how to generate barcode in asp.net c# Software Deployment Approaches in C#

Generation Denso QR Bar Code in C# Software Deployment Approaches

Software Deployment Approaches
Generating Quick Response Code In C#.NET
Using Barcode printer for VS .NET Control to generate, create QR-Code image in VS .NET applications.
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QR-Code Reader In Visual C#.NET
Using Barcode decoder for VS .NET Control to read, scan read, scan image in .NET applications.
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Publish (User Only) The next time a user logs on Assign
Bar Code Printer In C#
Using Barcode printer for .NET Control to generate, create barcode image in .NET framework applications.
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Bar Code Scanner In Visual C#.NET
Using Barcode scanner for Visual Studio .NET Control to read, scan read, scan image in .NET framework applications.
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(User) The next time a user logs on Start menu or desktop shortcut Assign (Computer)
Printing QR-Code In .NET
Using Barcode generation for ASP.NET Control to generate, create Quick Response Code image in ASP.NET applications.
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QR Code ISO/IEC18004 Encoder In .NET Framework
Using Barcode encoder for Visual Studio .NET Control to generate, create QR Code image in VS .NET applications.
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The next time the com puter starts The software is already installed (the software automatically installs when the computer reboots)
Quick Response Code Maker In Visual Basic .NET
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Encoding Bar Code In C#.NET
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Deployment Approaches After deployment, the software is available for installation
1D Barcode Drawer In C#
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DataMatrix Drawer In C#
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Typically the user installs Add Or Remove the software from Programs in Control Panel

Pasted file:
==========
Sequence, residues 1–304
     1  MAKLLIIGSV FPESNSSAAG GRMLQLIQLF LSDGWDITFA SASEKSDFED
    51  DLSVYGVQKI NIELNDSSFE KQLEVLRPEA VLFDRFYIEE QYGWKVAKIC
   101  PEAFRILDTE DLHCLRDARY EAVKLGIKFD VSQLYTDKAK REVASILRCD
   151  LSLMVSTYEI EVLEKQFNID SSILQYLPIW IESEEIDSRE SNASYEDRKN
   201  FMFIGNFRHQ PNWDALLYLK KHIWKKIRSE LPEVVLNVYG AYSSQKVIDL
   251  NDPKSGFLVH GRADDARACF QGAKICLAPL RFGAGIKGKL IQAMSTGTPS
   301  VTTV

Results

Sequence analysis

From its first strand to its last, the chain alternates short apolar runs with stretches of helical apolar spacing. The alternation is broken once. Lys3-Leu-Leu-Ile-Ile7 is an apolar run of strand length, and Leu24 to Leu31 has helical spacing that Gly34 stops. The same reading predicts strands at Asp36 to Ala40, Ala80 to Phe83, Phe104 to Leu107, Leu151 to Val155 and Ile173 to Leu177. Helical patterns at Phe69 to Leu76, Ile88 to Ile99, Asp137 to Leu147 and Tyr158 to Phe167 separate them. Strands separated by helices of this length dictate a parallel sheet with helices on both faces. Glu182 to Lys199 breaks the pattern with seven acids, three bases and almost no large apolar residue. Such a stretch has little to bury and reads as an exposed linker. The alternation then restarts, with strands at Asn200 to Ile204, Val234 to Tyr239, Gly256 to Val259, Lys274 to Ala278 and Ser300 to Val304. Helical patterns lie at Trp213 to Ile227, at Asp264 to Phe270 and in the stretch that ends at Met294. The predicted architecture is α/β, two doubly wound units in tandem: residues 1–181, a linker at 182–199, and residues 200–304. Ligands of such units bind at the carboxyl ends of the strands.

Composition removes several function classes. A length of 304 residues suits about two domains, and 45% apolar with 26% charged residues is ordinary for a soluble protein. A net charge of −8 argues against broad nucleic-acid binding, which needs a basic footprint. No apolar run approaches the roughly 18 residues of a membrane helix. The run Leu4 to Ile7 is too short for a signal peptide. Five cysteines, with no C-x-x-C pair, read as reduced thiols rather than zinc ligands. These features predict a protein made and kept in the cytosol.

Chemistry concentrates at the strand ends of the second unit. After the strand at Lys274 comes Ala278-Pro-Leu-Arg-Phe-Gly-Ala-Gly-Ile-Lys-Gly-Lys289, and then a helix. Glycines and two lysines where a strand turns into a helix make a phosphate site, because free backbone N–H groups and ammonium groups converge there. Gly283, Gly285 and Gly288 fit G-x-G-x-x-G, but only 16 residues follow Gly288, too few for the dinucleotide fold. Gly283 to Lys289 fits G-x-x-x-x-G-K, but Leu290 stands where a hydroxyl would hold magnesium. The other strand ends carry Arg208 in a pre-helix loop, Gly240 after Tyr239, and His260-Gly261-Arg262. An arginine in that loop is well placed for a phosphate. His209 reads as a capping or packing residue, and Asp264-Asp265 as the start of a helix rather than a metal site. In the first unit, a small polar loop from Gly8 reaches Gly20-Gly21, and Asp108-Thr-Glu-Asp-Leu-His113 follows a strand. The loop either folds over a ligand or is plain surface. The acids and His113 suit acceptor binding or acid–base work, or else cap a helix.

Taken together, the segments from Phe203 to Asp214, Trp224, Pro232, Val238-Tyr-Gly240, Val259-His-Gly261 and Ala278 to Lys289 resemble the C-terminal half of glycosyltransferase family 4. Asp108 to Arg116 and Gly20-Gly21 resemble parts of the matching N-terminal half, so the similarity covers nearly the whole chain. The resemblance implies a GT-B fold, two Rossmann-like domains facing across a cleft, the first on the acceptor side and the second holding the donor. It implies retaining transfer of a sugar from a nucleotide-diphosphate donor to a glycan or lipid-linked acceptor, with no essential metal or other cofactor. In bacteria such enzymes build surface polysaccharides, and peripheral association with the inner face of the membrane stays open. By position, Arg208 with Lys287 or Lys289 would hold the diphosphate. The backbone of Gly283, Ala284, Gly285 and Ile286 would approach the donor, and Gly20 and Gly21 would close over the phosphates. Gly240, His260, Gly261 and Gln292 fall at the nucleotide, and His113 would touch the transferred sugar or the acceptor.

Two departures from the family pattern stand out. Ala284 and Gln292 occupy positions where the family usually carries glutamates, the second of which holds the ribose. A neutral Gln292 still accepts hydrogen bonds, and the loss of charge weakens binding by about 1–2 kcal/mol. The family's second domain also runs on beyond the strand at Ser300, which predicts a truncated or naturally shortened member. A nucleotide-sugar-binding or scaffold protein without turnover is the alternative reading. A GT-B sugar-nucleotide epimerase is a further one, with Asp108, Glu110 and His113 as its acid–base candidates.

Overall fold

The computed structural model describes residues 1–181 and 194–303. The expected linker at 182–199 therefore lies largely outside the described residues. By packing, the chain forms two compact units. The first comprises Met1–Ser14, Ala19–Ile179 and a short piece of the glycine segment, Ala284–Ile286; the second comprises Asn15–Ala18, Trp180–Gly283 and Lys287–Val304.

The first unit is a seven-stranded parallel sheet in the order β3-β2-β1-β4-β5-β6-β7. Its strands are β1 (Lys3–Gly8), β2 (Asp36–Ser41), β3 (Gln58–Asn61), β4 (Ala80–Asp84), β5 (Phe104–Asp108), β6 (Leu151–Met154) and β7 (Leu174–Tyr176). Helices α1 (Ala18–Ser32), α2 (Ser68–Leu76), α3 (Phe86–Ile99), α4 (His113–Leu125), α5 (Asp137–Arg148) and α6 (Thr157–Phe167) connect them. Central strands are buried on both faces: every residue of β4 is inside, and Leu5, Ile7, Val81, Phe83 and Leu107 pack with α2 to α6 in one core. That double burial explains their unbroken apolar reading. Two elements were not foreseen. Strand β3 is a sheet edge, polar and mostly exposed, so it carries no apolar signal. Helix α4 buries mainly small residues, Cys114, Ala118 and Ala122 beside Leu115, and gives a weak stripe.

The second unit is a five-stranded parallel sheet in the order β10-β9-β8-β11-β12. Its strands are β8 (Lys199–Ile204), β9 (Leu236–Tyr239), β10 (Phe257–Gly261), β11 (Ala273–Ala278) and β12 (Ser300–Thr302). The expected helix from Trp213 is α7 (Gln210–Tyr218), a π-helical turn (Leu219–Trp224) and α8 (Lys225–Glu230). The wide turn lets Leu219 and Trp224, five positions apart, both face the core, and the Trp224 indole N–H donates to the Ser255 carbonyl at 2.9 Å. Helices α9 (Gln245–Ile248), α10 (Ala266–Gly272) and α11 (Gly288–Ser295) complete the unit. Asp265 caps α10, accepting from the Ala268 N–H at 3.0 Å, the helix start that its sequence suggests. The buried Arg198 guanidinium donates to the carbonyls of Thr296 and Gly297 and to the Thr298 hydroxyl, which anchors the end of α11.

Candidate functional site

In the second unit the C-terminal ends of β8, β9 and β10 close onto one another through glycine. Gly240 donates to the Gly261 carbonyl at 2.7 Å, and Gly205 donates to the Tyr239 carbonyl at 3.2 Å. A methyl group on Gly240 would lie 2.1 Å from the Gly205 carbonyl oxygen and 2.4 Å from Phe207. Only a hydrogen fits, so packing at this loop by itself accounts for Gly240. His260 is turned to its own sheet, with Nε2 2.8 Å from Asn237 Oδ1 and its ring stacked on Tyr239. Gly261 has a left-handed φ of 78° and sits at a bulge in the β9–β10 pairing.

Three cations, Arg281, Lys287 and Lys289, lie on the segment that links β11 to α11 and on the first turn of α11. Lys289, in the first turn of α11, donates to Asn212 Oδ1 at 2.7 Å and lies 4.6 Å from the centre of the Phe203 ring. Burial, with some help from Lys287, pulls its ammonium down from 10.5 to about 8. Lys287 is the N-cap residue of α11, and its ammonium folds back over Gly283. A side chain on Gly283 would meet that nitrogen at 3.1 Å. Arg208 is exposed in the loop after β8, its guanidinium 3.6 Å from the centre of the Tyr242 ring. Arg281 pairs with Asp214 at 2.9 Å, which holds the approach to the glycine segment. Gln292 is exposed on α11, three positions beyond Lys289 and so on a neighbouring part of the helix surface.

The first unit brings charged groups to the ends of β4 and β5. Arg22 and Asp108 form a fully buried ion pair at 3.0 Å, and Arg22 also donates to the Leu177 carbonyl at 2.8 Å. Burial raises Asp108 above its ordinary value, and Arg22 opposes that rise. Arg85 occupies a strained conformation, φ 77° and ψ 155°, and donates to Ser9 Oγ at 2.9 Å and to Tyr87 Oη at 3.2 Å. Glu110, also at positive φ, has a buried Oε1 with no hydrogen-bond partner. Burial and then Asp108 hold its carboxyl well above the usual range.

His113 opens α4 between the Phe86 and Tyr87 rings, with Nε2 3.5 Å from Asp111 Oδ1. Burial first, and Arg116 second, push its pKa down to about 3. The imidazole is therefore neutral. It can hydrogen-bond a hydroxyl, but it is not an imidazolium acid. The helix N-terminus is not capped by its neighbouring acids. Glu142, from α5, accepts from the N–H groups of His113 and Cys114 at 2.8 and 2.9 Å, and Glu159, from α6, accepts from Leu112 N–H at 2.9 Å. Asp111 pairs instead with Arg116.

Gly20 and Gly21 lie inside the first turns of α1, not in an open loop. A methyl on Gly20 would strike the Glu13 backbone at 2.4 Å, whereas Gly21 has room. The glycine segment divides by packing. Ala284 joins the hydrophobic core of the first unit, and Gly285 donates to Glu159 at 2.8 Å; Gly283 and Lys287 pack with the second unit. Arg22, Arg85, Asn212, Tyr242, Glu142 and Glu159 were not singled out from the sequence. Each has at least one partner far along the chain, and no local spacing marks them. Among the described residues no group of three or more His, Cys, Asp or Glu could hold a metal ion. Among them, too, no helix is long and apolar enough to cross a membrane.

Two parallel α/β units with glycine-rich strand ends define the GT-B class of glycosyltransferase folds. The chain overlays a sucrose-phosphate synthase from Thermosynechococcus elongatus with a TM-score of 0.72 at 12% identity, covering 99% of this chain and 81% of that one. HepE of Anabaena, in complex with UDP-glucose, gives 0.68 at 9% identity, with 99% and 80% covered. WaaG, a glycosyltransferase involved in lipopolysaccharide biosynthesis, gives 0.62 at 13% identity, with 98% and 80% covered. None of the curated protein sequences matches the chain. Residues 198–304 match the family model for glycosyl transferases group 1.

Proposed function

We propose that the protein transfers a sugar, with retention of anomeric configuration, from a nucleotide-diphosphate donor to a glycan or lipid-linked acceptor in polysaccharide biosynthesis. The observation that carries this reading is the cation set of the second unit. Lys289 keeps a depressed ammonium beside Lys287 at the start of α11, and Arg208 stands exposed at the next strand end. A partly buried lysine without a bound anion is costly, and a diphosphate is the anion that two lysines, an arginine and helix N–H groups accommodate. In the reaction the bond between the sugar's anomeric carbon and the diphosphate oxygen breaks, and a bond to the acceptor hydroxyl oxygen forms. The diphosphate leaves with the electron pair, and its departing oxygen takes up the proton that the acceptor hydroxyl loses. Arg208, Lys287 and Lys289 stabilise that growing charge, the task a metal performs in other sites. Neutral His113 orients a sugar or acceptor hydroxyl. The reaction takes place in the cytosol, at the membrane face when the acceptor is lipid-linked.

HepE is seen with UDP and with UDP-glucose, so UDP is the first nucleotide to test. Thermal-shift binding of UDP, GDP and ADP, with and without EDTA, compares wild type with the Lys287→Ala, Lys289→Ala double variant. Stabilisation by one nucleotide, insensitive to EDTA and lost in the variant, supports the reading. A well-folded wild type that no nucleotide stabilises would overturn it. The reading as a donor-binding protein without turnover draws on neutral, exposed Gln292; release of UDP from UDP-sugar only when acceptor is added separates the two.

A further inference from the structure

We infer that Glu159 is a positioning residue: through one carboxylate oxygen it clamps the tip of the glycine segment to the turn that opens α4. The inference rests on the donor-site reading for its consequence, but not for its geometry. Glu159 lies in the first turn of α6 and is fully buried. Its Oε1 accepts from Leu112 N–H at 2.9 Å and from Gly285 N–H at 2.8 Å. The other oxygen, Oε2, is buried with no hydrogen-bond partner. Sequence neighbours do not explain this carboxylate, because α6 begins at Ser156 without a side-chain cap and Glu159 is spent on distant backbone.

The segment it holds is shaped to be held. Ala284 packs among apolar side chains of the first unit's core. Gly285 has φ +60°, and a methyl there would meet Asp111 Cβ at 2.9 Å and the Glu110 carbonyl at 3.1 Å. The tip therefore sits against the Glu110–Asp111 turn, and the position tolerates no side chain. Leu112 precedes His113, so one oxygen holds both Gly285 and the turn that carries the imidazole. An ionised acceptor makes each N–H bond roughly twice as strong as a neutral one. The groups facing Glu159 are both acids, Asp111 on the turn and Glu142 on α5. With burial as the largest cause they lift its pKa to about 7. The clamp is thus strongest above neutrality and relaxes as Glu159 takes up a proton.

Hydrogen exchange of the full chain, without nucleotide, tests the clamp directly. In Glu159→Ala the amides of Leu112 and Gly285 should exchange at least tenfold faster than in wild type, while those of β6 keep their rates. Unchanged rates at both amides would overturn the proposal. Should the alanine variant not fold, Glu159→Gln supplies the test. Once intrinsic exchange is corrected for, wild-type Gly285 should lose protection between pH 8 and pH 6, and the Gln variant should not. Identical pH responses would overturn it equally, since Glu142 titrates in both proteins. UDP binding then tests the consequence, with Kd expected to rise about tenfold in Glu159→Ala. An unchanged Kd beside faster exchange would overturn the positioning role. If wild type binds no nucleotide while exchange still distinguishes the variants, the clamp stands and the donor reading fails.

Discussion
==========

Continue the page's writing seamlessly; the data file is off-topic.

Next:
QR Code Encoder In C#
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MSI Plessey Creation In Visual C#
Using Barcode creator for VS .NET Control to generate, create MSI Plessey image in .NET framework applications.
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12-8
Make Bar Code In .NET Framework
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Encode QR Code JIS X 0510 In None
Using Barcode generation for Software Control to generate, create QR image in Software applications.
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Encode Barcode In Objective-C
Using Barcode printer for iPhone Control to generate, create bar code image in iPhone applications.
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Encode Code 39 In .NET
Using Barcode generator for Reporting Service Control to generate, create Code 39 Full ASCII image in Reporting Service applications.
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Deploying Software with Group Policy
Make Code-128 In Java
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GS1 128 Creation In VS .NET
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Table 12-1
Create QR Code In Java
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Decoding Code39 In Java
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Software Deployment Approaches (Continued)
Publish (User Only) Yes (if auto-install is turned on) Assign
(User) Yes Assign (Computer)
Does not apply; the soft-
ware is already installed
Deployment Approaches If the software is not
installed, and the user
opens a file associated
with the software,
does the software
install
Can the user remove
the software using
Add Or Remove
Programs in
Control Panel
Supported installation
files
Yes, and the user can choose to install it again from Add Or Remove Programs in Control Panel Windows Installer packages (.msi files), .zap files
Yes, and the software is available for installation again from the typical install
points
Windows Installer packages
(.msi files)
No. Only the local admin
istrator can remove the
software; a user can run a
repair on the software
Windows Installer
packages (.msi files)
Modifications (.mst or .msp files) are customizations applied to Windows Installer packages. A modification must be applied at the time of assignment or publication, not at the time of installation.
Software Deployment Processes
The steps in software deployment vary, depending on whether the application is pub lished or assigned and whether the application is automatically installed by activating a document associated with the application.
Software Deployment Process for Published Applications
The following sequence shows the installation process for published applications: 1. The user logs on to a client computer running Windows 2000 or later. 2. The user opens Add Or Remove Programs in Control Panel. 3. Add Or Remove Programs obtains the list of published software from Active Directory. 4. The user selects the desired application.
Lesson 1